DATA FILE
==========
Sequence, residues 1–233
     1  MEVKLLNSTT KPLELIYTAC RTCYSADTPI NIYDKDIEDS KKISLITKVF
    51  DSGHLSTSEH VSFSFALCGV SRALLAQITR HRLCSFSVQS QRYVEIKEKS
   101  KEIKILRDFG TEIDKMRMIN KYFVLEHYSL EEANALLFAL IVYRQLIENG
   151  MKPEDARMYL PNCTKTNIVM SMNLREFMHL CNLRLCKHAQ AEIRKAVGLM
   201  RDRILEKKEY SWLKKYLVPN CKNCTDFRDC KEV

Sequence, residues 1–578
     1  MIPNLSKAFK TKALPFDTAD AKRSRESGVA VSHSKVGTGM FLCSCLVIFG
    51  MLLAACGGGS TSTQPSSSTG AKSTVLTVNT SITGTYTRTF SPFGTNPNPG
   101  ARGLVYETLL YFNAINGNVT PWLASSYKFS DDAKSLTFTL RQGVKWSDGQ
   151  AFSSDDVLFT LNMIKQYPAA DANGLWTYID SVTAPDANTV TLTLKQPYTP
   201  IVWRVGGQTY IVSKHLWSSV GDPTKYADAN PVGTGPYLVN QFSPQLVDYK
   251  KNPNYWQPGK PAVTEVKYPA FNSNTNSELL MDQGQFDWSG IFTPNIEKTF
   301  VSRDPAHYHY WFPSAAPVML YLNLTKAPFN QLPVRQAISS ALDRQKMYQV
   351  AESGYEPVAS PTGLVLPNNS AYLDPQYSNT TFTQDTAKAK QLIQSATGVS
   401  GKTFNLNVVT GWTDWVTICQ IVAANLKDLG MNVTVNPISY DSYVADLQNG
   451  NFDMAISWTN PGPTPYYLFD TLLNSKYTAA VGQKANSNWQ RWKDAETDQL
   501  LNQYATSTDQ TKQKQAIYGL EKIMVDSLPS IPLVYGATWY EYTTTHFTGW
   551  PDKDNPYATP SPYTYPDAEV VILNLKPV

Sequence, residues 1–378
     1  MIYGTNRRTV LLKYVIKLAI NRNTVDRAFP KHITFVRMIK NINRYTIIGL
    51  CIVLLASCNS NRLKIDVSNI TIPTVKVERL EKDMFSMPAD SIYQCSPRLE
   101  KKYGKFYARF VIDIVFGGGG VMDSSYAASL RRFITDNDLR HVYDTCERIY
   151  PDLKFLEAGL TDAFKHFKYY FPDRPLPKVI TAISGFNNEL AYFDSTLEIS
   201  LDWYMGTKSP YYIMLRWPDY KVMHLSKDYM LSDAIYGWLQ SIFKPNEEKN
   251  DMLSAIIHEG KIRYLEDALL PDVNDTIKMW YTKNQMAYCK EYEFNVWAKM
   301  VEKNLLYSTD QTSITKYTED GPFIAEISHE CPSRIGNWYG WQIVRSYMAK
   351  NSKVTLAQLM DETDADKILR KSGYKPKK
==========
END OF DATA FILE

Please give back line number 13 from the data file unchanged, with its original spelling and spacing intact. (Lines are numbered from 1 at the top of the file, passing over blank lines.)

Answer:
   251  KNPNYWQPGK PAVTEVKYPA FNSNTNSELL MDQGQFDWSG IFTPNIEKTF